It’s probably no surprise to the folks who read me regularly that I am a fan of our First Lady. Michelle Obama, who took flak for calling herself America’s Mom-in-Chief several years ago, is a woman and mother I admire and respect in many ways. Gal’s got it going on, you know what I mean? She can dance with Jimmy Fallon one night, turn around and represent America abroad as an icon, create a garden on the White House lawn, and be honest about the difficulties of achieving the elusive work-life balance so many working women struggle with.
And, you know, those arms.
Noodling through Facebook today, I found a link to an interview Ms. Obama did with Robin Roberts at a White House Summit on Working Families. Given that I no longer work outside the home, I had the 30 minutes to actually watch the interview. Cue the bon bon comments now. Snark aside, I came away with my respect and admiration for Ms. Obama only grown in scope.
She gets it.
Before I had children I was very career driven. I was going places and saw my trajectory only going up, up, up. I presented professionally, wrote an occasional article about my field of expertise, and had, I thought, the world by the career stones. I put off the decision to have kids because, well, I was pretty happy and fulfilled without them. Then, in an instant, my life changed.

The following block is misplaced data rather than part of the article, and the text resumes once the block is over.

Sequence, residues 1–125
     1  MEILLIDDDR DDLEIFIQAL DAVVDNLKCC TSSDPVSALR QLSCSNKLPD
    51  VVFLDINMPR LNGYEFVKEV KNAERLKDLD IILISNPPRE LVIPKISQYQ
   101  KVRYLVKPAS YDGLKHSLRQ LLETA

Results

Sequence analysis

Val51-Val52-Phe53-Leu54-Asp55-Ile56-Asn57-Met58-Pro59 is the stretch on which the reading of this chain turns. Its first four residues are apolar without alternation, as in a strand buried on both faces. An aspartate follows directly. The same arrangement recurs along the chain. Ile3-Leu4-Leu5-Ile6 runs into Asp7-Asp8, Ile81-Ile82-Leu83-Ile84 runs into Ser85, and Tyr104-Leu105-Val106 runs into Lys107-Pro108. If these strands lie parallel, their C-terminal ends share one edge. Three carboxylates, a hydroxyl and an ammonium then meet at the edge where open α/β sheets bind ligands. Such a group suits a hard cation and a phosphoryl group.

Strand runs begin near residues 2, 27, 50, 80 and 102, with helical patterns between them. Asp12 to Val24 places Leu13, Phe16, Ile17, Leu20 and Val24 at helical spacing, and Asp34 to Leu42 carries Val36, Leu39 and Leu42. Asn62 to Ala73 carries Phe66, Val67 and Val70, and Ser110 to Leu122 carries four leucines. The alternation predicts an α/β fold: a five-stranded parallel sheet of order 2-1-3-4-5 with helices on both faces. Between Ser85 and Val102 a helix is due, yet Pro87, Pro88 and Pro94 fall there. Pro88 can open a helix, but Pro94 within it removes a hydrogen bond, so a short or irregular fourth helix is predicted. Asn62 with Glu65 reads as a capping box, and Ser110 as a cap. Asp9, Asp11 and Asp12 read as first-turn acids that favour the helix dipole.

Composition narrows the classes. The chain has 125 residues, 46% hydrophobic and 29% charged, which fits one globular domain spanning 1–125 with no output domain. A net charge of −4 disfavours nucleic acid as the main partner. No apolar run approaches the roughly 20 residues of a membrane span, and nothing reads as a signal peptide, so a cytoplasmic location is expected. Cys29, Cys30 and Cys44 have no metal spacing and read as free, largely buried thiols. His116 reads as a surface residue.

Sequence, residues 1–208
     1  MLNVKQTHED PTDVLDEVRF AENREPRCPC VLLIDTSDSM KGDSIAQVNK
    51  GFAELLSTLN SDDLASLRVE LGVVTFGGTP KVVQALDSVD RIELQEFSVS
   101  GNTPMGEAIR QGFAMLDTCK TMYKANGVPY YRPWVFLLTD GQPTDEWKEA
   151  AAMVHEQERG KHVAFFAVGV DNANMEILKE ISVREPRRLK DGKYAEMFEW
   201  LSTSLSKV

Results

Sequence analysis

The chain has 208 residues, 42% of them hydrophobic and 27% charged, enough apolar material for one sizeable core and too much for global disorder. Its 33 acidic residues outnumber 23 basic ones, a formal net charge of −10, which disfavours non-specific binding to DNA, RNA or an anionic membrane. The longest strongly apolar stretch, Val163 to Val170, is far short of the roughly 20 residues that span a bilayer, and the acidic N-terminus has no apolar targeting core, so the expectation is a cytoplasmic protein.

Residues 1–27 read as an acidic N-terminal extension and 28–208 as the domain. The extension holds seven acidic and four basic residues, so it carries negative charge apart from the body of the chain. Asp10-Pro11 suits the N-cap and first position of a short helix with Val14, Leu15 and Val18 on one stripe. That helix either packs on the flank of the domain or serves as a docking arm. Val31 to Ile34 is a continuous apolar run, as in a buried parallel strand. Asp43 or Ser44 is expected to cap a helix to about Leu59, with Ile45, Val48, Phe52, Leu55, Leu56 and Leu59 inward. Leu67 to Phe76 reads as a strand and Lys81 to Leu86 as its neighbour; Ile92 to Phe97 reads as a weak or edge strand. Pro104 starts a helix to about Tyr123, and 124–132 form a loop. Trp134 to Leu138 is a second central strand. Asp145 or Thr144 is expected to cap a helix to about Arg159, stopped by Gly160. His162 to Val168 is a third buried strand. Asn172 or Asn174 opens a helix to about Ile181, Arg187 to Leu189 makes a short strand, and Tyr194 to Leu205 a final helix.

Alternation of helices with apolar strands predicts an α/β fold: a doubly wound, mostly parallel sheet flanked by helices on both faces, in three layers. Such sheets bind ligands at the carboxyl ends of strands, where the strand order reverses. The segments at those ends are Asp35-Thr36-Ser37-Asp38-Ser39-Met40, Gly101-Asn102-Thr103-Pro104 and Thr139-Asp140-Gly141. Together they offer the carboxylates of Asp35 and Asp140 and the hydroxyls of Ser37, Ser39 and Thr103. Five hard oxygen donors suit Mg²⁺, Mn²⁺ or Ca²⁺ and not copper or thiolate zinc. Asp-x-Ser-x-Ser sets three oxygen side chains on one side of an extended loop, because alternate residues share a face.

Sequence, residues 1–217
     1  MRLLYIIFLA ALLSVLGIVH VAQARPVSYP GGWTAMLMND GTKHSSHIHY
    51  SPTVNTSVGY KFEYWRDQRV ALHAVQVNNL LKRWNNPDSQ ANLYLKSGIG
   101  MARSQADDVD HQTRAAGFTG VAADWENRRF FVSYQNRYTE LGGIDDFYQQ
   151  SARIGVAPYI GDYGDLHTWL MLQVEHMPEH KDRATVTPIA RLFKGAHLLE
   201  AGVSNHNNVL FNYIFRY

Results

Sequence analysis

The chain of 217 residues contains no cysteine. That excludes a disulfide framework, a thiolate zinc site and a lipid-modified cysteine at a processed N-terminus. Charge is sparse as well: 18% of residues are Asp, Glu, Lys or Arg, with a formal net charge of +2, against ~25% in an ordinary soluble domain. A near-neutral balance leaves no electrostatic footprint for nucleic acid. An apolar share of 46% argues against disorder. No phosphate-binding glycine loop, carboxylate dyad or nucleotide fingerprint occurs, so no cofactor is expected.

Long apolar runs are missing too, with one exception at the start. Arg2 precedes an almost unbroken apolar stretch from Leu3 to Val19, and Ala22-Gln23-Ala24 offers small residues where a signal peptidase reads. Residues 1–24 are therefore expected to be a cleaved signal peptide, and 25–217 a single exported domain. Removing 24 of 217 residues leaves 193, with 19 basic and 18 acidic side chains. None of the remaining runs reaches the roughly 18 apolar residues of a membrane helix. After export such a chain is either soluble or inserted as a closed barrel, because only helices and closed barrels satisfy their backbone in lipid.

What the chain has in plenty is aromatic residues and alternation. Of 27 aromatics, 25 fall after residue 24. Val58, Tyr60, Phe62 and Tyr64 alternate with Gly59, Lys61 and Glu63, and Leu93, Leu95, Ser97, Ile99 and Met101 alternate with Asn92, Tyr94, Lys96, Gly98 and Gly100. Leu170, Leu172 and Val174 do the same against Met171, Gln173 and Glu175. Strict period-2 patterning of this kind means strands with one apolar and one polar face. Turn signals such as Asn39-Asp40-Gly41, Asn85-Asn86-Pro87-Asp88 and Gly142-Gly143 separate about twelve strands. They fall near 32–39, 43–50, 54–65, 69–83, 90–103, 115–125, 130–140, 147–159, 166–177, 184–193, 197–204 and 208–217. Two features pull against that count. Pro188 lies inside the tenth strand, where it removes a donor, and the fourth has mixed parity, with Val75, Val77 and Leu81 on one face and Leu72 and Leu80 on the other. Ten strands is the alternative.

Sitting in front of one of her beloved slot machines in Biloxi, Mississippi, my Mom experienced a cerebral hemorrhage caused by an undiagnosed brain tumor. That moment would change everything I valued and believed in about myself and my path. A few months later, after becoming stable enough to fly to Chicago by air ambulance, a surgery, and weeks of hospitals and rehab, my Mom and Dad moved to a small Chicago apartment to be close to the medical team at Northwestern.
I went from staying at the office every night until 7 to skurrying my little tokus out the door the minute the clock struck 4:30. My priorities shifted in an instant from career to caregiving. Suddenly, the things that were most important to me were no longer ambition, conferences, mentoring, and advancement, but watching CNN with my Mom, folding sheets, cooking soft foods, and helping my parents through an inordinately difficult time.
For the first time I understood the impossible push/pull the mothers I worked alongside had struggled with. I no longer felt like the work mattered to me more than them. I realized how incredibly naive I had been, and unwittingly, what a jerk.
My Mom died eleven months after that bleed in front of the slot machine. My daughter was born just five months after her death. I feel so grateful that the last lesson my Mom blessed me with was the knowledge that caring for the people I love is the most important work I will ever do. Because of that caregiving, I was a better mother to my daughter, and now my sons.
I also know how ridiculously privileged I have been in my own work-life balance.